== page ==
Seven years ago I began a journey. I was asked by family to help with our JORDAN family history. We are Carolina proud with long deep roots in the Coastal Plains of the Old North State. When the records desolved into fragments I used classic genealogy tools and methods. I expanded my focus to include neighboring JORDANS. Perhaps these neighbor’s lines would allow me to double back and find answers regarding our MATTHEW JORDAN (pronounced JER-DON) who died in Johnston County, NC in 1849.
Two years lapsed and I was no closer to discovering Matthew’s parents, when or where Matthew was born, or his relationship with a single neighboring Jordan family, so I turned to DNA. I submitted our eldest living male Jordan’s DNA to FTDNA.com and ordered the Y37 marker test. The results were disappointing. I discovered our Jordan family was only the second North Carolina Jordans to establish their branch in the FTDNA.com database. As I closely examined our results and compared it with the mountain of classic genealogy work I did I realized the single reason my results were disappointing was because so many others were missing! Think of your branch as a puzzle piece to a giant puzzle for your family tree. You make the effort to get your piece in the puzzle building effort BUT the pieces belonging to the pieces you connect to are missing.
My background is research. The solution was simple. I realized the only way for me to resolve matters and get our family history work on good footing and help others who had submitted DNA in the hopes of advancing their own family history work was to seek out men who could establish the missing branches of early NC Jordans. So was born my independent NC1700sJordans DNA Project. While my efforts work in concert with FTDNA’s global JORDAN SURNAME PROJECT, my project is more tailored. There are two specific parameters.
First NC1700sJordans is geographically specific. I am not interested in the JORDANS who track back to a ROBERT JORDAN of MAINE. Only the JORDANS who called Carolina home.
So if your family lives in NC now and you believe you track back to Jamestown or somewhere in early VA or Maryland or you live outside of NC and you can track your particular Jordan family back to North Carolina, I am researching your branch. And I need you to establish your branch by submitting a Y37 kit through FamilyTreeDNA.com. Many of the earliest JORDANs had family in both Virginia and North Carolina. It is critically important for the earliest JORDANS of Virgina, Maryland, South Carolina and NC to all establish their branches. By so doing NC1700sJordans will be able to properly connect branches to the right tree. And relationships between neighboring JORDANS will be clear.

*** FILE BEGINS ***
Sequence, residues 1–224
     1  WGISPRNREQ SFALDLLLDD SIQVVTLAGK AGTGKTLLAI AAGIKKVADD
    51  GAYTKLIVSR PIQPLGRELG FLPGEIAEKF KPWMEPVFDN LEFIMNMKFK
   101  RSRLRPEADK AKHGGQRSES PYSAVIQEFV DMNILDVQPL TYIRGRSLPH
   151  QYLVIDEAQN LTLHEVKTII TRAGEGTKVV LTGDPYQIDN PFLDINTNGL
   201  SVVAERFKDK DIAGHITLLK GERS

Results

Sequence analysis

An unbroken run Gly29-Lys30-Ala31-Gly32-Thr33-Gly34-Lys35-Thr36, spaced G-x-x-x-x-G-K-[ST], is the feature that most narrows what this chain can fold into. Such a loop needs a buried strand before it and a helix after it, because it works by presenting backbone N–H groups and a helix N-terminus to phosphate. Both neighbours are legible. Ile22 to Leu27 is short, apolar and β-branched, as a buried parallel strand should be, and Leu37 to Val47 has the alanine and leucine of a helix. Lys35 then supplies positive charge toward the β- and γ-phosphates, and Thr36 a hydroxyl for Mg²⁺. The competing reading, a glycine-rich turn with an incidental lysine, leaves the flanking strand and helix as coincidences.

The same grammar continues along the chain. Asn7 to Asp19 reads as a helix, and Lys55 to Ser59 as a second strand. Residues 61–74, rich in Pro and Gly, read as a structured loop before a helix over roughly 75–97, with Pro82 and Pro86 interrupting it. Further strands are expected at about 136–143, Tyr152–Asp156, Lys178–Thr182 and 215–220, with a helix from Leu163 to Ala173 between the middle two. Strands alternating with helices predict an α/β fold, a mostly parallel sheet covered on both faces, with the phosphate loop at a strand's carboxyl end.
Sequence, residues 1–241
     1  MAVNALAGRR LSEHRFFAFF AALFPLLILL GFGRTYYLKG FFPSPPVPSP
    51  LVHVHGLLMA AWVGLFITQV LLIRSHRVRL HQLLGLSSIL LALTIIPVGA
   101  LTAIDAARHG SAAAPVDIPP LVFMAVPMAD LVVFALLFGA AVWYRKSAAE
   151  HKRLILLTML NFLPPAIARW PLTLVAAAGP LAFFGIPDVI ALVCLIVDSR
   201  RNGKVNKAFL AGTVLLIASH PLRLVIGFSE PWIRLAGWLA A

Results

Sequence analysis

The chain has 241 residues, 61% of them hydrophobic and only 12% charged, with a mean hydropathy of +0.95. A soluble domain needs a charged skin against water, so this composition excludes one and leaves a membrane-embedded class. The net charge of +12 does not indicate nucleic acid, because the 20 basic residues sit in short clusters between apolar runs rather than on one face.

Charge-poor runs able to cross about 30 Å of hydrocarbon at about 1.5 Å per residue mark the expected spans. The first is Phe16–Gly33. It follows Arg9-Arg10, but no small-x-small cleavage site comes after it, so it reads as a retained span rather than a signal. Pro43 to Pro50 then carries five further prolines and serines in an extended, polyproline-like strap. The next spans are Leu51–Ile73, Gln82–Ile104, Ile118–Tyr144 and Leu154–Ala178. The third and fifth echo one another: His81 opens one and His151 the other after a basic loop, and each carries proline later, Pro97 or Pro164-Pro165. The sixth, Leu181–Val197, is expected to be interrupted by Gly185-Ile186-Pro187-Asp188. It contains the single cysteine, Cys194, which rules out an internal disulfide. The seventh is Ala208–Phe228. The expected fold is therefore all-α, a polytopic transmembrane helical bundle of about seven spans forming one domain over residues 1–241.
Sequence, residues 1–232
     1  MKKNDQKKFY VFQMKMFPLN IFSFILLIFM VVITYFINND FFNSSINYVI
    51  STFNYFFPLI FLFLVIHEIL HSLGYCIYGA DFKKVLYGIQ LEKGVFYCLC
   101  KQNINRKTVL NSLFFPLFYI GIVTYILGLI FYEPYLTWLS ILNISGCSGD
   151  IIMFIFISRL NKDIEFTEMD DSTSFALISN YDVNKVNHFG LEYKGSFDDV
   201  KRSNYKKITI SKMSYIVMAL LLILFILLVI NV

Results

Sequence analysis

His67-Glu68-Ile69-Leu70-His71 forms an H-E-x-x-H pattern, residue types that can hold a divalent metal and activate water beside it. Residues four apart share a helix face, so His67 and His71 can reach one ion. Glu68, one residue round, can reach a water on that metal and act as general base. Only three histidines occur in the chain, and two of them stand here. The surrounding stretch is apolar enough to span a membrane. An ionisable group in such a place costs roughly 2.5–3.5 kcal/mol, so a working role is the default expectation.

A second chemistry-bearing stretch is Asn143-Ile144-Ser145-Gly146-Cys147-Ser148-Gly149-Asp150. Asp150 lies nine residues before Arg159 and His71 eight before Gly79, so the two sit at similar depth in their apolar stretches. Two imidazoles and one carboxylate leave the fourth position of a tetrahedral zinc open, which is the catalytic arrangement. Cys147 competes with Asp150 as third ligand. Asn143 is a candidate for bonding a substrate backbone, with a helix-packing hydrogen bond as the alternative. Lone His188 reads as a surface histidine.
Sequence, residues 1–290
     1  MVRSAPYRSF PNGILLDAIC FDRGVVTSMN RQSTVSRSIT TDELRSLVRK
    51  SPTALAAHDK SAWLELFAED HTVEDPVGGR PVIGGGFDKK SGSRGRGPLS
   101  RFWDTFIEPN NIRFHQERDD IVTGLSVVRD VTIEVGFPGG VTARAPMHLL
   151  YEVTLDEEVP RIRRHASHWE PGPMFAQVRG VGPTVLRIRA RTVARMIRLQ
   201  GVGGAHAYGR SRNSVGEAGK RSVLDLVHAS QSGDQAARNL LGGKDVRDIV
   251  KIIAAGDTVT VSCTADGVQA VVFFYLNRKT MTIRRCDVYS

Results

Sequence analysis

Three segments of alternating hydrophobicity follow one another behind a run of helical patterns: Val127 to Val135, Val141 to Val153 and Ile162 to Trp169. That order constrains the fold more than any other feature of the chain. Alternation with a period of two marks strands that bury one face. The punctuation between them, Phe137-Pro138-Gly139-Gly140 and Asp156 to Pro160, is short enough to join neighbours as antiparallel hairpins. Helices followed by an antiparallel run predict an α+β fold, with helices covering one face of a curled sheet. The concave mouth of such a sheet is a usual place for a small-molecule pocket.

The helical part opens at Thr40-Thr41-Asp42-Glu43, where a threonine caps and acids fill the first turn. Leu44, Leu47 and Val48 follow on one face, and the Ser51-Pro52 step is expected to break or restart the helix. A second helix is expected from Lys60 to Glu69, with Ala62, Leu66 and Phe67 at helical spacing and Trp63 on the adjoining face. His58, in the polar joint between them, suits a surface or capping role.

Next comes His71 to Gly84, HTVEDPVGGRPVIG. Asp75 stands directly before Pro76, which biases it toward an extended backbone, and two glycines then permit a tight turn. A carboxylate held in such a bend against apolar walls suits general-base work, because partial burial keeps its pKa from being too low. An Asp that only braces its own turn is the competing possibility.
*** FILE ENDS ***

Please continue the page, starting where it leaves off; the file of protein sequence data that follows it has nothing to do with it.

Second there is a specific chronological time frame I am isolating. I am DNA mapping JORDANS whose families were in the American Colonies in or before the 1700s AND their branches had a North Carolina connection in or before the 1700s.
** Remember North Carolina included part of VA, SC, GA, and all of TN during the 1700s. If you go back to the early 1700s, the boundaries get even more blurry along the Virginia boundary. The rivers traversed across state lines and because settlements occured along the rivers’ banks, it is important to not let a now defined state line inhibit or hinder family history work and properly establishing all of the branches for unique Jordan family trees. The boundaries for neighboring states were not firm until the late 1800s per the Federal Census Bureau.
Many published genealogies done before DNA was possible were flawed. Anyone working today can easily trot down the wrong path by working from the flawed genealogies. It is critically important for all researchers to use the best tools available and gather the largest amount of information in order to develop correct conclusions. DNA is part of every genealogist’s toolkit. What is wonderful for researchers today is we have the ability to do the work ourselves. We don’t have to hire a professional, though one can if they want. FamilyTreeDNA.com has built in DNA tools to help one accomplish their best results. But the lab only provides the framework. It is akin to a library or a Clerk’s office. The true information is not in the walls of the repositories but in the records contained within. When it comes to DNA, you can’t harvest if you have not planted/established your own family’s branch. My project will identify missing branches and work to get those missing branches established.
My hope and plan is to create a reference repository (a DNA cluster) with enough information to clearly allow folks who track back to Carolina in or before the 1700s to accomplish their best family history work.
Some academics might label my effort a STUDY RESEARCH PROJECT because it is not the sort of work that can be isolated in controlled environment. My project depends and will be measured by the degree of cooperation and participation achieved.
It is so important for JORDANS to understand even if a pedigree has been accepted by your family for decades, even centuries in some cases, it is still important that your branch be included in the FAMILYTREEDNA.com database.
It is my hope to partner with any and all JORDAN surname researchers who have a Carolina connection.